Presidential campaigns and tokens enter into a marriage

Published : 10/19/12
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With Election Day fast approaching, I cannot help but think about the emergence of the United States’ two-party system and the wonderful niche within history and numismatics that it helped create: the 19th century campaign token. If you ask any of my students what my favorite part of American history is, most would say the presidents after looking around my classroom, which is adorned with campaign posters. With my use of numismatics in the classroom at regular intervals, how can I resist merging my two favorite things within my own classroom — campaign history and tokens?

Presidentially speaking, political support tokens stretch back as far as George Washington in the United States, though most of these early pieces were issued as commemoratives. The first truly contested election complete with some heated campaigning was in 1800 between John Adams and Thomas Jefferson, but no tokens were used to show support for either one during the campaign. It was not until the election of 1824 with the primary candidate being Andrew Jackson staked against John Quincy Adams that the marriage between presidential campaigns and tokens would occur.

The environment that gave rise to the campaign token resulted in part from two things: the re-emergence of a new, strong two-party system in 1824, after nearly 24 years of the prior parties’ steady decline, and the fact that the United States was finally industrialized and specialized enough to have diesinkers to actually produce private tokens. The lack of the necessary infrastructure is why, in the late 18th and early 19th centuries, most American-related tokens came from England.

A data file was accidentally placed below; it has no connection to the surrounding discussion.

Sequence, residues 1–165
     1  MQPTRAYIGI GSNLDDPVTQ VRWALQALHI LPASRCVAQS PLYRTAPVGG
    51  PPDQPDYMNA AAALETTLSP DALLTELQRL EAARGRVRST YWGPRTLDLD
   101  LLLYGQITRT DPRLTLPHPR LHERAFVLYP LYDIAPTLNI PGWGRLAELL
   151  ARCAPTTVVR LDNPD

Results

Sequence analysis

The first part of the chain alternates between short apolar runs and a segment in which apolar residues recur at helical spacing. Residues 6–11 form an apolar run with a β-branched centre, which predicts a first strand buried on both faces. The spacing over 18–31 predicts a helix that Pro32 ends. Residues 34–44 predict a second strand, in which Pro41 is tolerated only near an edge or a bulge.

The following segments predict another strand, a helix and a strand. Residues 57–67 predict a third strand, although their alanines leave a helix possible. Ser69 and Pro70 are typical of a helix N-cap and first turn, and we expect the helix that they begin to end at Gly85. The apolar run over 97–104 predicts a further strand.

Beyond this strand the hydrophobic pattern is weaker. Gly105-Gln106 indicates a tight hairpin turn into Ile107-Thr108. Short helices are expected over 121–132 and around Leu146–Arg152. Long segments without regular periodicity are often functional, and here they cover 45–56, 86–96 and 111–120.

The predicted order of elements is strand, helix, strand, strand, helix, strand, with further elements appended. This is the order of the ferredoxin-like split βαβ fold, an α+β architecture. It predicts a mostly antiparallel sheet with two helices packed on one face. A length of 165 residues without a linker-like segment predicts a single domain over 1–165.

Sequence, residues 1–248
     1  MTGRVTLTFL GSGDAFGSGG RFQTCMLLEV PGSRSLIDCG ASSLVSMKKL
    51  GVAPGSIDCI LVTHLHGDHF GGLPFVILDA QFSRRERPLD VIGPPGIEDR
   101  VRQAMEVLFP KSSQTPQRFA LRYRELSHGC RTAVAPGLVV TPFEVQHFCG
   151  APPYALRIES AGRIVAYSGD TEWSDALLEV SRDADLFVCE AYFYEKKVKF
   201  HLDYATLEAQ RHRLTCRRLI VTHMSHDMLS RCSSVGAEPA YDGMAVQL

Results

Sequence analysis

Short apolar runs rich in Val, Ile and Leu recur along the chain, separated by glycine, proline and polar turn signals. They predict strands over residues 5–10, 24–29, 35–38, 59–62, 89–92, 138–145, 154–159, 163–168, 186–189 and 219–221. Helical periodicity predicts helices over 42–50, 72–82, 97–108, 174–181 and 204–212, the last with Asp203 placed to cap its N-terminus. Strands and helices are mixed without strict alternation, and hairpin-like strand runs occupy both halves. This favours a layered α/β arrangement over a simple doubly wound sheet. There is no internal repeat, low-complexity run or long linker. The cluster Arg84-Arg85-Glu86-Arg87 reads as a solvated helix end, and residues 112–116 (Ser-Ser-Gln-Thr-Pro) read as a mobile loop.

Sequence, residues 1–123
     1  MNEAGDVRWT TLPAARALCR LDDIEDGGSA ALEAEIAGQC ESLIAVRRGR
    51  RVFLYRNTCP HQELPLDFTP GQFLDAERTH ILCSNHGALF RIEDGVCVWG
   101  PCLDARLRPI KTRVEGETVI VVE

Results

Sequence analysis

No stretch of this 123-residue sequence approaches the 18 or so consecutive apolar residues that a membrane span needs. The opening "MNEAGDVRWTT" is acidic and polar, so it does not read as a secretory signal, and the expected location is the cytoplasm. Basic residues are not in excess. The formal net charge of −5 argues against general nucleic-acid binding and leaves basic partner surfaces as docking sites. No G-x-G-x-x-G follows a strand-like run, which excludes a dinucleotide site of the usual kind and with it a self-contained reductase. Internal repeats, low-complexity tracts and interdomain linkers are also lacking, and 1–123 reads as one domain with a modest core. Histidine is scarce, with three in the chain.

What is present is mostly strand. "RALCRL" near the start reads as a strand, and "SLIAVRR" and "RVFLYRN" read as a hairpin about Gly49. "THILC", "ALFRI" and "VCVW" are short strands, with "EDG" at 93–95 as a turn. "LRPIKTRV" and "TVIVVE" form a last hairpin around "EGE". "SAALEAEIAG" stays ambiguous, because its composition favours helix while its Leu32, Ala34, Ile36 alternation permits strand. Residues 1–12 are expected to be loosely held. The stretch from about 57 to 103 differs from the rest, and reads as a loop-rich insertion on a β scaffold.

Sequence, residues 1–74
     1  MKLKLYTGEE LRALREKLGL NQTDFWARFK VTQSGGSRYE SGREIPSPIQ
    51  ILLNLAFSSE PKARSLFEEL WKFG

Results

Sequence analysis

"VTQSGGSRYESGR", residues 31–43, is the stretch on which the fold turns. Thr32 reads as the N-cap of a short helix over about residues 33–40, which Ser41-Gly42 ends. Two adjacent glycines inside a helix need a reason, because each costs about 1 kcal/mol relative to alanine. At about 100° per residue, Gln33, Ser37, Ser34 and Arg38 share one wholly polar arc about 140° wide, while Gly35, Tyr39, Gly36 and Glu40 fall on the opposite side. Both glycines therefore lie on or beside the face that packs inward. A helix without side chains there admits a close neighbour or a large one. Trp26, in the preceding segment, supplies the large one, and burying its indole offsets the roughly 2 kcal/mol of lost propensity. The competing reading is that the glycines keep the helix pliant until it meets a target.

The first true presidential campaign tokens — pieces designed to attract voters to a candidate — are often acknowledged as being the Andrew Jackson tokens with his likeness on the obverse and the HERO OF NEW ORLEANS or some such inscription on the reverse issued for the 1824 presidential campaign. These tokens connect the candidate to his victory during the War of 1812 at the aforesaid battle in 1815. This practice of using tokens of the early Jacksonian Democrats revolutionized the American campaign scene for the rest of history.

To balance the strength those tokens were providing to the Democrats, the Whig Party, established in 1833 to contest everything Jackson represented, started to issue slanderous tokens against Jackson, thus giving rise to the exciting field of political Hard Times tokens from 1833 to 1843.

Following suit, nearly all political parties founded to nominate a presidential candidate from 1828 to 1896 would create supportive or slanderous tokens to further their political messages. In the fashion of a walking billboard, many people would have the tokens holed and hung from their lapels to show support for their candidate.

So where has the practice of using these tokens gone? Well, by 1900 most had disappeared, to give way to celluloid pins. However, pre-1900 tokens are plentiful and a person can learn lots from these tokens about the candidates, the political parties and the citizens who voted for them during these periods of time by considering various questions: How have the general concerns within our nation changed over time, evident from the campaign slogans? How did values and patterns within society and the economy shape the constituencies of the political parties? Who did these candidates really represent?

Just as we look back on previous elections, how will the citizens of tomorrow view our choices we make during this election? These are all entertaining and relevant questions for ourselves and our students to reflect upon as the election draws near.

Nathan Zang is a United States History teacher at Matoaca High School in Chesterfield, Va.

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